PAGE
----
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Economic Secretary visits Solihull to highlight support for people facing problem debt and mental health crisis

As part of Mental Health Awareness Week, Economic Secretary John Glen MP today (9 May) visited Rethink in Solihull, to highlight support on offer for people suffering with problem debt.

  • Economic Secretary John Glen visited Rethink in Solihull today (9th May) to support Mental Health Awareness Week.
  • Visit comes one year since the launch of the Breathing Space scheme, which has protected nearly 60,000 vulnerable individuals from creditor action while they seek debt advice.
  • John Glen urges those in crisis who need help to seek advice from mental health professionals and debt advice providers, such as Rethink Mental Illness.

One year on from the launch of Breathing Space, nearly 60,000 people have benefited from the government’s scheme. This has provided individuals in problem debt with legal protection from creditor action while they seek debt advice – including through measures such as freezing interest payments and creditor enforcement for up to 60 days.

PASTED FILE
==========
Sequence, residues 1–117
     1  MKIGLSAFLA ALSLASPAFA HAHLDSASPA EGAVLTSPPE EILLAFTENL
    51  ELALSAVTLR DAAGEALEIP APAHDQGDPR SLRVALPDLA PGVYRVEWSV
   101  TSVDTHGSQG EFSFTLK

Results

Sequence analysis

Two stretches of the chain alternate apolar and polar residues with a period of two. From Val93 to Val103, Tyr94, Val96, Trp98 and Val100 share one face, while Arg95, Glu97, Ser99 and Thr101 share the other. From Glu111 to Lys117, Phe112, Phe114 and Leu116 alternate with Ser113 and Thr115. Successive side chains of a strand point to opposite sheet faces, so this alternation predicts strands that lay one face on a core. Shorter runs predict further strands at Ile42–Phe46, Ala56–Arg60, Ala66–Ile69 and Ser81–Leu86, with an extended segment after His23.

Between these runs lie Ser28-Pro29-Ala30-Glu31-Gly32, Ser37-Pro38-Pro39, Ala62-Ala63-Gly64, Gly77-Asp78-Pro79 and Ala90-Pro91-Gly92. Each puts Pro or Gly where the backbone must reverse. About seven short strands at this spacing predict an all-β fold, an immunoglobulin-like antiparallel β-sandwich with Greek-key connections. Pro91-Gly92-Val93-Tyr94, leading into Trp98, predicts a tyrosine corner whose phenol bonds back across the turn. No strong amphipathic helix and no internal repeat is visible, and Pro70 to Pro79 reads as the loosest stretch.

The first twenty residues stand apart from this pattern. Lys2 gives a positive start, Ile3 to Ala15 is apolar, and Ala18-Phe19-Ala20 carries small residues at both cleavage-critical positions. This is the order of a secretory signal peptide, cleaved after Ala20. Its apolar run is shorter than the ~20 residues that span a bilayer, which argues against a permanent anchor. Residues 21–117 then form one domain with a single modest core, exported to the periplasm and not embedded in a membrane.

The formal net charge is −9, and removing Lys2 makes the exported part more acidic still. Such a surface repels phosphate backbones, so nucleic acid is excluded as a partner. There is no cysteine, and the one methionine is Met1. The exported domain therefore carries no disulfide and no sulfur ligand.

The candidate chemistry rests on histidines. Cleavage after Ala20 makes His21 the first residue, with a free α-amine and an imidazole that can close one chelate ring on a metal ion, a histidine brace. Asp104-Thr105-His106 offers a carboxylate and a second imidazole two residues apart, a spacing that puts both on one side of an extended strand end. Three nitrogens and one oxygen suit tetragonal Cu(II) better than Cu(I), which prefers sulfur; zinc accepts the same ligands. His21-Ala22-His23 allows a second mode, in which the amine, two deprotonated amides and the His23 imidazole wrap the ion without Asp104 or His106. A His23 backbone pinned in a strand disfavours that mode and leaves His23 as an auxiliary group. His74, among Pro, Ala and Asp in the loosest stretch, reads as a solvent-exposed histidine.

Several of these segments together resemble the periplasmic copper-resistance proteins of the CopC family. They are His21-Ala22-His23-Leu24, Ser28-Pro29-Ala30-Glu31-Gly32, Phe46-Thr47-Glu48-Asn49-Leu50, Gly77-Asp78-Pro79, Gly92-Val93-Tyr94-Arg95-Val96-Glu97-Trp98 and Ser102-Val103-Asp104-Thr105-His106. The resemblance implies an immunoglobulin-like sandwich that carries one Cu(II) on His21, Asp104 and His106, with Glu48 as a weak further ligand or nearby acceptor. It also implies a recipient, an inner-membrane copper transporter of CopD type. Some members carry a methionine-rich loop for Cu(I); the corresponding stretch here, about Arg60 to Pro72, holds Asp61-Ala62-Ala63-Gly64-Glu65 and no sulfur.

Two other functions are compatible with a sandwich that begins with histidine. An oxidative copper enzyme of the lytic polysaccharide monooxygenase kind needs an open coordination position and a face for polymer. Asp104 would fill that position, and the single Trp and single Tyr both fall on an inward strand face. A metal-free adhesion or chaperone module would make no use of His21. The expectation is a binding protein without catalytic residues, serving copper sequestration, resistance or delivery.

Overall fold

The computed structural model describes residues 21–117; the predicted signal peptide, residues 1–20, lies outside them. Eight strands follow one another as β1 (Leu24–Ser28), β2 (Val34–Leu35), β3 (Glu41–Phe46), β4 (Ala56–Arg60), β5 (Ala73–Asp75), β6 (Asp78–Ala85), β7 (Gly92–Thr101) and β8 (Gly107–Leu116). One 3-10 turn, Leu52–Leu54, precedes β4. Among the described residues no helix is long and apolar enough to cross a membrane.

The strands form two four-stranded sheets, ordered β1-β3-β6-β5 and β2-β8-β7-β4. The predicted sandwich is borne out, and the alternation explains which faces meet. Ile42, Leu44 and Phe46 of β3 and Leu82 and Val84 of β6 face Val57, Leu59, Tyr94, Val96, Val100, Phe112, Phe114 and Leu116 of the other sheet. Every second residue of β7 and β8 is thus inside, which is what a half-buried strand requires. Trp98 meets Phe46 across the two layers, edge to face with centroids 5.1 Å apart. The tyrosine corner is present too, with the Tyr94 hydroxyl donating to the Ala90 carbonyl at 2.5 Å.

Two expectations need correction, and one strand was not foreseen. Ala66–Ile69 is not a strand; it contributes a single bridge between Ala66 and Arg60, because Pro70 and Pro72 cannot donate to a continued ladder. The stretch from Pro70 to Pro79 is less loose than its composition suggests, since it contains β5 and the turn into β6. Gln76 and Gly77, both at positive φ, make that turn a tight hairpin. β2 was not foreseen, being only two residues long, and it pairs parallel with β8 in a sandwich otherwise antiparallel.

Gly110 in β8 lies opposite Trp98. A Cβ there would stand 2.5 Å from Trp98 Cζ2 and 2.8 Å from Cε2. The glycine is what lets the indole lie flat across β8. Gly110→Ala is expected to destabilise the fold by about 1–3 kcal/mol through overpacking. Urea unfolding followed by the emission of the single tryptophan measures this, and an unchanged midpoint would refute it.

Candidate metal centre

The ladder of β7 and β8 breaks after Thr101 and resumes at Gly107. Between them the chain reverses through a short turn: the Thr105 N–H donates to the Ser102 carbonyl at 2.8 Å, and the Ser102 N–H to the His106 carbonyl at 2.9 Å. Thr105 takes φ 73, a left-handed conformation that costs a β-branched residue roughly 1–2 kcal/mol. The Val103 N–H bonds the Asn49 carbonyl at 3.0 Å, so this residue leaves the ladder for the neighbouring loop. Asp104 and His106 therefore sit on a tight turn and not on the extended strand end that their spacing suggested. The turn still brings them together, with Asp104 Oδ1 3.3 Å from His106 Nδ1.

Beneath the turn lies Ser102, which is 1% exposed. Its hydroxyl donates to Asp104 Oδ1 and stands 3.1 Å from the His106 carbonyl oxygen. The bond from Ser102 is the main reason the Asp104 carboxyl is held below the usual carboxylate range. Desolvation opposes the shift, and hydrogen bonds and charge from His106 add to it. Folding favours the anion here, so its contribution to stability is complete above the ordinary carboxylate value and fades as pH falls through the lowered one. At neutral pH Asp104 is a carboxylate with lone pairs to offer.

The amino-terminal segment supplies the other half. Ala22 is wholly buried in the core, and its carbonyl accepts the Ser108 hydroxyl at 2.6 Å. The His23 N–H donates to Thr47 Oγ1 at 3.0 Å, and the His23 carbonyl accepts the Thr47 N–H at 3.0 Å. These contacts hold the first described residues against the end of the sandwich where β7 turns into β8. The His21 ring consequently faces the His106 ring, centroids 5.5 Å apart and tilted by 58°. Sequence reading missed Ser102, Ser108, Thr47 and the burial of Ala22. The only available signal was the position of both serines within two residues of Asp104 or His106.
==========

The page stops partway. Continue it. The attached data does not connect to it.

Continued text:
More than 900 of those taking this support entered “Mental Health Crisis Breathing Spaces”, which extends the protections while they receive mental health crisis treatment.

Economic Secretary to the Treasury, John Glen said:

Mental health is a challenge for us all – but these concerns can be exacerbated for people who are experiencing a mental health crisis and are in problem debt.

That’s why I launched the Breathing Space scheme one year ago and will shortly be consulting on proposals for a Statutory Debt Repayment Plan – to give people the confidence, support and clarity they need to tackle problem debts.

The work Rethink Mental Illness are doing to support their clients is transforming lives. So I would urge anyone struggling with their mental health and in need of financial advice, to reach out to their nearest debt advice provider for support.